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Investors shouldn't be fooled by a slight pick-up in Southeast Asia's largest economy in the second quarter, analysts told CNBC, as the economy is likely to underperform for some time to come.
According to a poll of Reuters' analysts, data to be released on Tuesday will show Indonesia's economy expanding 5.3 percent on an annual basis, eking up slightly from the first quarter's 5.2 percent but still markedly below the 6-7 percent growth rates enjoyed in recent years.
Wellian Wiranto, economist at Singapore's OCBC bank, expects the gross domestic product (GDP) print to come in above the Reuters' poll at 5.4 percent.
"Last quarter's result was especially bad because of fairly poor trade numbers, including a large trade deficit. Although we still see a trade deficit in Q2, on a relative scale we'll see that trimmed down a bit and this is why we'll see Q2 numbers slightly higher than Q1," he said.
However, Wiranto added that investors shouldn't expect a sharp uptick in Indonesian growth anytime soon.
"The continued lack of investment is one of the reasons Indonesia continues to perform below its potential GDP rate of between 6 and 7 percent. The numbers we are seeing at the moment are still way below what Indonesia can achieve," he said.
The central bank has been forced to hike rates five times over the past year to prop up its flailing currency. A controversial mineral exports ban introduced in January has also proven a headwind to investment and growth.
"We're not talking about a recession but the performance will remain sub-par," said OCBC's Wiranto.
"I think the earliest we will see growth recover to full potential will be in the second half of 2015, as we start to see sentiment improve after the elections, and a steady rise in consumption growth," he added.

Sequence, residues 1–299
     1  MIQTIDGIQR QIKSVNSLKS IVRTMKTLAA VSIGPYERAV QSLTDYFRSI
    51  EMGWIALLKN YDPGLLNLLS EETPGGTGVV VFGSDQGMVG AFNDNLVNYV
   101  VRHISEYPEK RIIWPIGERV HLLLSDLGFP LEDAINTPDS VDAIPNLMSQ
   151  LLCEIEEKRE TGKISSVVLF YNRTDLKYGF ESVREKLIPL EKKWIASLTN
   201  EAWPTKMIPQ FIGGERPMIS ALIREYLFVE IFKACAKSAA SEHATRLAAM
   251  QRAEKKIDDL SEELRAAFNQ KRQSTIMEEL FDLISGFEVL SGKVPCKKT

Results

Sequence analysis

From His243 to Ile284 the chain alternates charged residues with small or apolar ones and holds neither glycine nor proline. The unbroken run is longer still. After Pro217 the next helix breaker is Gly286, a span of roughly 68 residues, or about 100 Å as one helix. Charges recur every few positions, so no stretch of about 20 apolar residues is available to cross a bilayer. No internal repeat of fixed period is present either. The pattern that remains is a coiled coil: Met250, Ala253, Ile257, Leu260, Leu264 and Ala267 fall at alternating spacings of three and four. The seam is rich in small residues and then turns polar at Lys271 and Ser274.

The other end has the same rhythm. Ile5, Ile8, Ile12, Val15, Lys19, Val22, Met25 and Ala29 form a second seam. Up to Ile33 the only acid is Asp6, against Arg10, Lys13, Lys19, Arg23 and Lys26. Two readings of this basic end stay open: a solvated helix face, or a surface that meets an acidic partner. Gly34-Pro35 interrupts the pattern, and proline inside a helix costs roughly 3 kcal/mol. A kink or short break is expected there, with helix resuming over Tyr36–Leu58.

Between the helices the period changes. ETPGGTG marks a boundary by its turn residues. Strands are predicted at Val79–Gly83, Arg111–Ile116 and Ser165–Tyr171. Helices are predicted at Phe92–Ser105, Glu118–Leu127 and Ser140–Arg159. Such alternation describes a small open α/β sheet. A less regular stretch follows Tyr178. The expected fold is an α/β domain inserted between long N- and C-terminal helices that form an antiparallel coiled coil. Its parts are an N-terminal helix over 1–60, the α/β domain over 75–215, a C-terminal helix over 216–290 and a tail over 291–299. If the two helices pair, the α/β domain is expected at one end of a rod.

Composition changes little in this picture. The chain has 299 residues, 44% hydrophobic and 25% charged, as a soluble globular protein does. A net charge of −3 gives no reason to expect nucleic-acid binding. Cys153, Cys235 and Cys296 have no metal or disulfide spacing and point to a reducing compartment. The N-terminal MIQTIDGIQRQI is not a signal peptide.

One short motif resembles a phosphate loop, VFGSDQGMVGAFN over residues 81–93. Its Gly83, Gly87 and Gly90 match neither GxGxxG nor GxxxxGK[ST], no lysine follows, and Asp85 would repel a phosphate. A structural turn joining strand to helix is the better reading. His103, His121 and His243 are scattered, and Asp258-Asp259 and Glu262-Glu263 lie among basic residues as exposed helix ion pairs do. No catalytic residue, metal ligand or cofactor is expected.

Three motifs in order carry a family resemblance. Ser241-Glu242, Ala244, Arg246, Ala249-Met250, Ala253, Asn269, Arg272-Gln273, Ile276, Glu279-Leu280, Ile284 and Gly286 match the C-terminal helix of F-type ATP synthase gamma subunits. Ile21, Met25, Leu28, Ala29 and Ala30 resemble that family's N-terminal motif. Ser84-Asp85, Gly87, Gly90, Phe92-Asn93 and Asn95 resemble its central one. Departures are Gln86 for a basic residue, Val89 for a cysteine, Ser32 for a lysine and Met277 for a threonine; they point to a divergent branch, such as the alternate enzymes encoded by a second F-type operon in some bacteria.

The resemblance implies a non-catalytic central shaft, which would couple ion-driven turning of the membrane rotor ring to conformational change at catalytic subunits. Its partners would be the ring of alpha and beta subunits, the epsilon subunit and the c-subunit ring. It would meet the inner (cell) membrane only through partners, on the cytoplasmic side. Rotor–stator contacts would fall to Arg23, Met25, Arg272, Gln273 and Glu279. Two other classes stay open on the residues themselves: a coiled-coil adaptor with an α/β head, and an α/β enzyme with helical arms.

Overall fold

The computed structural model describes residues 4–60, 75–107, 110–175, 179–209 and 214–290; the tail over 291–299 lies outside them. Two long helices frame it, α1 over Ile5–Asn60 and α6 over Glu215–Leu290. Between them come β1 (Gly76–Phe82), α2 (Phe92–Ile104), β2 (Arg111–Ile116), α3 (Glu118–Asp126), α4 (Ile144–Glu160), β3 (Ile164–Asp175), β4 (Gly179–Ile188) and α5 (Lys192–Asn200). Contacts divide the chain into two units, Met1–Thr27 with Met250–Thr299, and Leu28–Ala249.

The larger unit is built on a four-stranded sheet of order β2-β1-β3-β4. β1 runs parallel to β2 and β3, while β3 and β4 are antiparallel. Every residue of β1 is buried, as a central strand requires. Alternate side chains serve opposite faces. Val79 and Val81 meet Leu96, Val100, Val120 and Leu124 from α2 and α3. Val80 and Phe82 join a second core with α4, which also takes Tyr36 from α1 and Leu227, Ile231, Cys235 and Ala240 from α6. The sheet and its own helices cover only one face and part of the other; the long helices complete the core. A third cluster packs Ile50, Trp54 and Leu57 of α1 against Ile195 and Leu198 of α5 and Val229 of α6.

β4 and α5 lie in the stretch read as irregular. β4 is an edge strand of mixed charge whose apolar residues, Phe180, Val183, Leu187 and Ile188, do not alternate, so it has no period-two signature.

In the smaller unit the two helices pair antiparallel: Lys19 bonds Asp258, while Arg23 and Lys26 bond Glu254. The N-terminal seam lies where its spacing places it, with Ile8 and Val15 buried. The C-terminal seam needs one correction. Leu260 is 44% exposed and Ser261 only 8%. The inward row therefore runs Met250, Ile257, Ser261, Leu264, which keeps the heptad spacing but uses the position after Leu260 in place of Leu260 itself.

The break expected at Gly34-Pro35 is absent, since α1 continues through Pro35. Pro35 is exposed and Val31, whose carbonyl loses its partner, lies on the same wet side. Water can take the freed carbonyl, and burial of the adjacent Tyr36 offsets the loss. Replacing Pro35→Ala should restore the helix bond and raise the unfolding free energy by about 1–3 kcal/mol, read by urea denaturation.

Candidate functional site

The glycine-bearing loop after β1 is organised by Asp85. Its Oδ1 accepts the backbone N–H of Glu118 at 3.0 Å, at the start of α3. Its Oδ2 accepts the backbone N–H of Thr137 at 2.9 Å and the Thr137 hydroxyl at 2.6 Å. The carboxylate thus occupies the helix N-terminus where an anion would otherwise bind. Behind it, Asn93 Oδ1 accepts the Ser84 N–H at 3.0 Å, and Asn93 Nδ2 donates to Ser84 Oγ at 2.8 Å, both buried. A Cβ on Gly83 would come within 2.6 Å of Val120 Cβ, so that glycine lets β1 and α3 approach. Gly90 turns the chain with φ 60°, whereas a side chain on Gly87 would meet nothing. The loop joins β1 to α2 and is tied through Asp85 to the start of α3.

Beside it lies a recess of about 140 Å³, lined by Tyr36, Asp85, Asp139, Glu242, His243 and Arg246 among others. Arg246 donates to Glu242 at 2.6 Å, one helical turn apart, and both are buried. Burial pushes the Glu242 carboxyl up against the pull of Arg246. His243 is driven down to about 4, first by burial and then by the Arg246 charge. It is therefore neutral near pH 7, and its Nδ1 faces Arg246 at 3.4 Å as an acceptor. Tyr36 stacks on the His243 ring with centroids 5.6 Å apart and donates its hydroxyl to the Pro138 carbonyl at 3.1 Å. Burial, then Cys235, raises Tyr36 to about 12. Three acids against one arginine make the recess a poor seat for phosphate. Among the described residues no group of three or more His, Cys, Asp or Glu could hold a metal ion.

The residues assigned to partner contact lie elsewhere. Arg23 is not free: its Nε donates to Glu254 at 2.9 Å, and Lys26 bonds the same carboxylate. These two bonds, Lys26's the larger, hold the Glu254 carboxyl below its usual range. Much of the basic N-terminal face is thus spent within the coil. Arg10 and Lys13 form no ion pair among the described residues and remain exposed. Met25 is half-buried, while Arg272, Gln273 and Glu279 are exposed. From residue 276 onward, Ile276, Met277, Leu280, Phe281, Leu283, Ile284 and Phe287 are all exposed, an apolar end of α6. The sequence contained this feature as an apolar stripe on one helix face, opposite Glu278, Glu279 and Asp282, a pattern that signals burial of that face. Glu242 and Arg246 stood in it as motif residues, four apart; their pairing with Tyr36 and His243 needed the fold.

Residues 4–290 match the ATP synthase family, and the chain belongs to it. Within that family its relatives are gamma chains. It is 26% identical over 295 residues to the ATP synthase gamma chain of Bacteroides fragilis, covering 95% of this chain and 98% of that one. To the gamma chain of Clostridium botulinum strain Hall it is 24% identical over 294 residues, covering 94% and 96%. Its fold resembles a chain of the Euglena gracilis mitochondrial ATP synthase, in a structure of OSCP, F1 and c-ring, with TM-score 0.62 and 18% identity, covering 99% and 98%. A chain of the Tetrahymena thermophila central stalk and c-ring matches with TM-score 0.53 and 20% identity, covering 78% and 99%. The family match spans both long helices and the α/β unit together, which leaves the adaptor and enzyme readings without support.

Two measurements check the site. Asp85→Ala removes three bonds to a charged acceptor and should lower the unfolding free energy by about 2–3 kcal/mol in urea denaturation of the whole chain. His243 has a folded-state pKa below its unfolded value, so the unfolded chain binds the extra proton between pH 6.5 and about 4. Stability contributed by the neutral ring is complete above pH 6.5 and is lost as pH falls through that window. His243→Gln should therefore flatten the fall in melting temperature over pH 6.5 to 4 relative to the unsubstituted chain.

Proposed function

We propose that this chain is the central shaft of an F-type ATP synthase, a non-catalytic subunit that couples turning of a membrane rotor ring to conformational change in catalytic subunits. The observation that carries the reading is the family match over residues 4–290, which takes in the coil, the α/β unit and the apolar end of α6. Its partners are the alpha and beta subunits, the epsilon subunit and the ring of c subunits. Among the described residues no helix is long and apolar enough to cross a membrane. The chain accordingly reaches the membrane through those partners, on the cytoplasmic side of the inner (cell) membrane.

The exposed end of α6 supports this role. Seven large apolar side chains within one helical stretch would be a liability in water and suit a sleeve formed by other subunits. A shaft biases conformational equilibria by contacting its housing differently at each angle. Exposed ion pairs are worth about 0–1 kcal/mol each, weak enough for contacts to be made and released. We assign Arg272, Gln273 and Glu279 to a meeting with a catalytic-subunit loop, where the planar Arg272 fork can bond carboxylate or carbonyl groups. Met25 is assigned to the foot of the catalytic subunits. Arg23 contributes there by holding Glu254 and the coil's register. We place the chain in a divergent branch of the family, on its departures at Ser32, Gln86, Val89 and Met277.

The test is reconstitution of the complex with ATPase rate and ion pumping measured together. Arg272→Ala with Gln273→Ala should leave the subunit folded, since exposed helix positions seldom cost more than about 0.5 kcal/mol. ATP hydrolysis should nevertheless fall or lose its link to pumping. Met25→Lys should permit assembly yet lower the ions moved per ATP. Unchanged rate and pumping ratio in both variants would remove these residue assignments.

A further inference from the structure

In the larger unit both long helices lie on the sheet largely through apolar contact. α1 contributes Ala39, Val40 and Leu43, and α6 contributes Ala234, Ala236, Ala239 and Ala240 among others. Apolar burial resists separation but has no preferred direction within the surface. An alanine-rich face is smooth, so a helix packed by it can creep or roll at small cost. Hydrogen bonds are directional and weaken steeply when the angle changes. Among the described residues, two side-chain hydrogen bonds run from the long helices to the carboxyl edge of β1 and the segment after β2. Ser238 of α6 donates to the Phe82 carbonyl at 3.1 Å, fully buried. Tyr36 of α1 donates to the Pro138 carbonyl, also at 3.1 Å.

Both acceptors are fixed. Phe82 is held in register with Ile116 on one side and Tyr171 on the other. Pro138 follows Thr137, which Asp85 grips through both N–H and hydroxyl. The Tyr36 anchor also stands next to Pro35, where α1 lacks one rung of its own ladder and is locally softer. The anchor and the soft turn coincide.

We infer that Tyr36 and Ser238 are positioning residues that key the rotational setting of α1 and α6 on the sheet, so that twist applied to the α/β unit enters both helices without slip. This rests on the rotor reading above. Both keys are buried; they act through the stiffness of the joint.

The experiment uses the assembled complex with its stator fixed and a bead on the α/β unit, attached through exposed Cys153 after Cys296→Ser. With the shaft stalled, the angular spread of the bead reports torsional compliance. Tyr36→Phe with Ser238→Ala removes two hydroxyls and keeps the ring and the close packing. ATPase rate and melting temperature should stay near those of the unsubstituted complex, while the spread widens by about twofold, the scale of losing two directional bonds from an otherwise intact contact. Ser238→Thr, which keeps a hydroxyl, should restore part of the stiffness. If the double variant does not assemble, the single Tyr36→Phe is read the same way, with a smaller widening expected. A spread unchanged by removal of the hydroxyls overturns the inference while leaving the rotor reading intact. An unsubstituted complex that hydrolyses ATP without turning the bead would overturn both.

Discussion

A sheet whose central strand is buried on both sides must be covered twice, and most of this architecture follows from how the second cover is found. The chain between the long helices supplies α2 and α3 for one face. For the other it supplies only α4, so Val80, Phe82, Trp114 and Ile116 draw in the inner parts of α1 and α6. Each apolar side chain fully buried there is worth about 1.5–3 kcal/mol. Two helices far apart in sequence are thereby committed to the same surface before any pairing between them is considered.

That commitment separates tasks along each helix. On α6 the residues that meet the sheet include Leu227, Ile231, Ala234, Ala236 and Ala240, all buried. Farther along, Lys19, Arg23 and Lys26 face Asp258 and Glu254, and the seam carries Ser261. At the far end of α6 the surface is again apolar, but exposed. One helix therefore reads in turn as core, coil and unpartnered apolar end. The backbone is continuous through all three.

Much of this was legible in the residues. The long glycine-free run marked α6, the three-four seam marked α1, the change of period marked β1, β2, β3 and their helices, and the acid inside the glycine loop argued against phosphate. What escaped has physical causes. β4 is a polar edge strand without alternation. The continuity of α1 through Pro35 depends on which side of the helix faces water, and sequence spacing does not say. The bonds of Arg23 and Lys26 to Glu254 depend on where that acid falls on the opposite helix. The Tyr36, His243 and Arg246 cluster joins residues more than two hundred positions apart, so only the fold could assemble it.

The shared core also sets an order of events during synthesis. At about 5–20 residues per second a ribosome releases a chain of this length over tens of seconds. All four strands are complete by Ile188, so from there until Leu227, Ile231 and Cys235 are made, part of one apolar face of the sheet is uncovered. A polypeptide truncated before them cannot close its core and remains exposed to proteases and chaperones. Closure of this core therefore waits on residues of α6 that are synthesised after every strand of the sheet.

Still, many analysts expect sentiment in Indonesia's economy - which was badly hit during the Fed tapering fallout in mid-2013 - to improve following the election of a fresh government last month.
The more 'business friendly' candidate Joko "Jokowi" Widodo was declared the winner of the July 9th Indonesian presidential elections. When he takes office for his five year term in October, he is expected to tackle some of the country's ongoing structural issues, such as poor infrastructure and deeply ingrained corruption.
Markets have responded positively to the news of his win, and stocks are up 4.4 percent since the start of the election month on July 1.
But Daniel Martin, economist at Capital Economics, told CNBC it would be years before the economy sees growth levels of between 6-7 percent, as the dual headwinds of high interest rates and low commodity prices continue to weigh on the economy.
"The only thing that might be positive is Widodo's election, and we're not overly positive on his presidency. There's a lot of enthusiasm for him and a lot of people expect reforms, but until we see positive steps, we don't see growth levels returning to those higher levels over the next few years," he added.
Capital Economics forecasts Indonesia's economy to expand 5.1 percent year on year on Tuesday.